AGRICULTURE AND DEVELOPMENT: INTERNATIONAL FUND FOR AGRICULTURAL DEVELOPMENT (IFAD). Muhammad Daaniyall bin Abd Rahman133539 Mohd Faizal bin Abdullah133575 Muhammad Hamdi bin Amir Hamzah133301 Ainih binti Md Yusof131236 Nor Ashikin binti Mohd Mokhtar131861
International Fund for Agricultural Development
The International Fund for Agricultural Development (IFAD), a specialized agency of the United Nations, was established as an international financial institution in 1977 as one of the major outcomes of the 1974 World Food Conference.
IFAD is dedicated to eradicate rural poverty in developing countries.
IFAD's goal is to empower poor rural women and men in developing countries to achieve higher incomes and improved food security.
We have highlighted 4 major issues:
Since the end of World War II, the public sector of developed countries has helped transfer agricultural technologies to developing countries. During this period, most developing countries in Latin America and Africa, as well as some countries in Asia (like India and Thailand), have depended heavily on agricultural production to support their economies. So general development activities were often aimed at modernizing the agricultural sector.
Technology had change since Technologies have become embodied in physical products, like farm machinery or agrochemicals. Exponential growth in such industries has led to a rapid expansion of private firms that create, manufacture and sell technology. Private firms have also seen opportunities to profit by using complex seed improvement research to create and then distribute new crop hybrids. And so, the role of the public sector has also had to change.
After World War II, the United States began a number of initiatives to build up agricultural science in developing countries and help transfer technology.
Technologies that exist as marketable products, like seeds, agrochemicals and agricultural machinery, have grown quickly.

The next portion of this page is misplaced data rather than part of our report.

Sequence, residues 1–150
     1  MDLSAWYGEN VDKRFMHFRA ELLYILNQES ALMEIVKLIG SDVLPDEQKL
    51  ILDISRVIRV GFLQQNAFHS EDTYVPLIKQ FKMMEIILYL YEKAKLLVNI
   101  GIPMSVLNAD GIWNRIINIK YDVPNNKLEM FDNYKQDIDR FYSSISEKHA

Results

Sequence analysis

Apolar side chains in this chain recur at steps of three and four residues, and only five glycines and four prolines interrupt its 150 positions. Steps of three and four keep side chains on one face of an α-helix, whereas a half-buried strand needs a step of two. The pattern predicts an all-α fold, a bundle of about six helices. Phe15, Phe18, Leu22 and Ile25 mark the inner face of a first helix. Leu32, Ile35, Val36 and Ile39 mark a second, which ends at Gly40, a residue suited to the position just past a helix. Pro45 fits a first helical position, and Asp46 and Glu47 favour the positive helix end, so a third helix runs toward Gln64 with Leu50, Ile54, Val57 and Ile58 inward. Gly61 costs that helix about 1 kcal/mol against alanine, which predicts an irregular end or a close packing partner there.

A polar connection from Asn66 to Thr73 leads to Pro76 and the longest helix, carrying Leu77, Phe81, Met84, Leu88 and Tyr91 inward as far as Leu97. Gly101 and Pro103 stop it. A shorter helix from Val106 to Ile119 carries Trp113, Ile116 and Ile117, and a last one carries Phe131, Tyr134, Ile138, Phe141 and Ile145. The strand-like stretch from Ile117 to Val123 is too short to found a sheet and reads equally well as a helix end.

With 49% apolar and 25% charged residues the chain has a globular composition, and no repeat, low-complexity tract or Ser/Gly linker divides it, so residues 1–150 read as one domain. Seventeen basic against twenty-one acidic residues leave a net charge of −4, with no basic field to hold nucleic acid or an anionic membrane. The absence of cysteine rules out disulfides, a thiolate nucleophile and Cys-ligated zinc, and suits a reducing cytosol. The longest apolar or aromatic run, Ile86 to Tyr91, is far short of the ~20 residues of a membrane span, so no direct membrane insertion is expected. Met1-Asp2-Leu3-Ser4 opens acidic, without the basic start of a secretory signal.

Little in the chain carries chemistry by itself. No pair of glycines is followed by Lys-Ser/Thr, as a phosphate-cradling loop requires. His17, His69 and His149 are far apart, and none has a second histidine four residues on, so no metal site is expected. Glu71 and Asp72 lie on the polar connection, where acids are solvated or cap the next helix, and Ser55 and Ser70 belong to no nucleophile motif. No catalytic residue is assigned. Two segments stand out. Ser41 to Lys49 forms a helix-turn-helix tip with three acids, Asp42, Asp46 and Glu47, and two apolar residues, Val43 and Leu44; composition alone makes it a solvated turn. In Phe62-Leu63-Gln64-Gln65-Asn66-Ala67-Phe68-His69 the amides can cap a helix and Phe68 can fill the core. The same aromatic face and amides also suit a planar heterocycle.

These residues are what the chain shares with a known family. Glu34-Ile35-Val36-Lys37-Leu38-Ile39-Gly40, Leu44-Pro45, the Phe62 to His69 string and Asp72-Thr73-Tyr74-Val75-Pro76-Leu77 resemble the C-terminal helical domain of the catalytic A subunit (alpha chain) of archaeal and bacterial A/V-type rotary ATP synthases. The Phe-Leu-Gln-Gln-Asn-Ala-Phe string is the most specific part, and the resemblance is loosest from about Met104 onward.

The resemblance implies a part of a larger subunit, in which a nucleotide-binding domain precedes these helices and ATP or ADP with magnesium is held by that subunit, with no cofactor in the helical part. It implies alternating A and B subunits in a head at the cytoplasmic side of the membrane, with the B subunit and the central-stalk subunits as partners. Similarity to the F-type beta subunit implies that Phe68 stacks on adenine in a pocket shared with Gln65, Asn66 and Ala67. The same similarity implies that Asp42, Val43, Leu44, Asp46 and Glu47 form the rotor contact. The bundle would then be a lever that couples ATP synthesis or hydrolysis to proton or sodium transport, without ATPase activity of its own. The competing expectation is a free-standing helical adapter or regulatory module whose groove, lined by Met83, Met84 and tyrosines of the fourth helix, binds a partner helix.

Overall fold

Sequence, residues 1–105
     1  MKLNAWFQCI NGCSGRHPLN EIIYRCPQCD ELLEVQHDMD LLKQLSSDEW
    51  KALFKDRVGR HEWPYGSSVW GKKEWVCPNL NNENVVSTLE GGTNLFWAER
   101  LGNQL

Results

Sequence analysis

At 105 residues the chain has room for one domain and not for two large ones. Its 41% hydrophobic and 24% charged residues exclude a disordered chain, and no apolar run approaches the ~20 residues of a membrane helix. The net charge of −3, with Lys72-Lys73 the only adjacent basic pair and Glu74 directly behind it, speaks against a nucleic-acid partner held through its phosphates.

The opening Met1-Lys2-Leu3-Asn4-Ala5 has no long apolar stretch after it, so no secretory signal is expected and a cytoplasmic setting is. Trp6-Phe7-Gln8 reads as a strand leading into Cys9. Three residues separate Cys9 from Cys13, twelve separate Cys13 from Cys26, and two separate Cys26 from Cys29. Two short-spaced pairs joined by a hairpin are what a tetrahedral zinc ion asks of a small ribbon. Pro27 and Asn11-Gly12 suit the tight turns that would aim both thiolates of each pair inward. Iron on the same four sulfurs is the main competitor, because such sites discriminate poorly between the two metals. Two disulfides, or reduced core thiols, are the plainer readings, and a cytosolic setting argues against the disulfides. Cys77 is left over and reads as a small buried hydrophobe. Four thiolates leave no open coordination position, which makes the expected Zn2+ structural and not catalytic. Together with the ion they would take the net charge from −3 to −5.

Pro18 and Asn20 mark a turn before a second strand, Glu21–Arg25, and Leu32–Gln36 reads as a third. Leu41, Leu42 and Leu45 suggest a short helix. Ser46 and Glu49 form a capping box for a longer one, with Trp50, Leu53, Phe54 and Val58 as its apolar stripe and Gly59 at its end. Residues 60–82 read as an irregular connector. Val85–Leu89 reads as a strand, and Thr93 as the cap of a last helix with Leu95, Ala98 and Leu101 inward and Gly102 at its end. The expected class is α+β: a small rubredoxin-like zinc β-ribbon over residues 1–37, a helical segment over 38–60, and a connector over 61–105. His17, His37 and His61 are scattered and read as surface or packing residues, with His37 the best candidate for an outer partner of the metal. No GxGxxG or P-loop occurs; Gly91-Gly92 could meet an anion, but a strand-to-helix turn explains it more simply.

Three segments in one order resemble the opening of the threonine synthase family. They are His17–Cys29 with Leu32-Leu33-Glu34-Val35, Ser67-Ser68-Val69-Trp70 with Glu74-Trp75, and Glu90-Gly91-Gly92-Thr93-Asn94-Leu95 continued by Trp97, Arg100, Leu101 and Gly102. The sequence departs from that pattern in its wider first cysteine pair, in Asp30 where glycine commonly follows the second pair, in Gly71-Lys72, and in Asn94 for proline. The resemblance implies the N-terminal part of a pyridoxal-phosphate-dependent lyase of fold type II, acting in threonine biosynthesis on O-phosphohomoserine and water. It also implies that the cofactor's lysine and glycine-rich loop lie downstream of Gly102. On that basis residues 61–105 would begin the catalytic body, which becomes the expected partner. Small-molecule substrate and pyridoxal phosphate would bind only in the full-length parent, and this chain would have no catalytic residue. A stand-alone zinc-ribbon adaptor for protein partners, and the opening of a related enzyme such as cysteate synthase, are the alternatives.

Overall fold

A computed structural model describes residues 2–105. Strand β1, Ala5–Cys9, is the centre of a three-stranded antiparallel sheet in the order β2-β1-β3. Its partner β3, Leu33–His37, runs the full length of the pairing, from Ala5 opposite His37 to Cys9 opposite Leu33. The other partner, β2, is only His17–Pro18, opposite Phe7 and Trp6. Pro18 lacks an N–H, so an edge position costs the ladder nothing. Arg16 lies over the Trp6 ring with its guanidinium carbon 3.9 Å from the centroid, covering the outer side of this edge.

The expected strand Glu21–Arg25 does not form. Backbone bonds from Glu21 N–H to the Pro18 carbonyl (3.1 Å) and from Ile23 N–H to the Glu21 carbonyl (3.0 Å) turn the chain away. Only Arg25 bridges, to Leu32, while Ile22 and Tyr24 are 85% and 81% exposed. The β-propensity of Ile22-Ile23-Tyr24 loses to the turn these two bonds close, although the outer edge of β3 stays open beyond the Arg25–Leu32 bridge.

This has, in turn, fuelled private investment in agricultural research and technology, particularly by international corporations that benefit from economies of scale, and have access to world markets. But research activities in the private sector have limited scope.
Boosting farmer profit trough better links to market
Poor farmers in Tanzania are using modern information and communication technologies like mobile phones and even the Internet to get access to market information, and to learn how to build better and more collaborative market chains from producer to consumer.
Trading commodities via SMS
Lack of access to reliable and up-to-date market price information is a serious problem for smallholder farmers across Africa. Without this information, they are vulnerable to unscrupulous traders giving them prices at below-market rates. Furthermore, they are reluctant to diversify into different cash crops for fear of not finding a profitable market for their output
1.Reducing rural poverty
- diversified their farming activities.
- improving the productivity of land.
2.Creating business opportunities
- domestic markets :
- dairy farming in Kenya
- aquaculture in Bangladesh
- vegetables for supermarkets in Latin America.
- international markets :
- coffee in Rwanda
- horticulture in Chile
- 85% of the developing worlds’ fresh water withdrawal and 42% of its lands.
- managing watershed and reducing deforestation.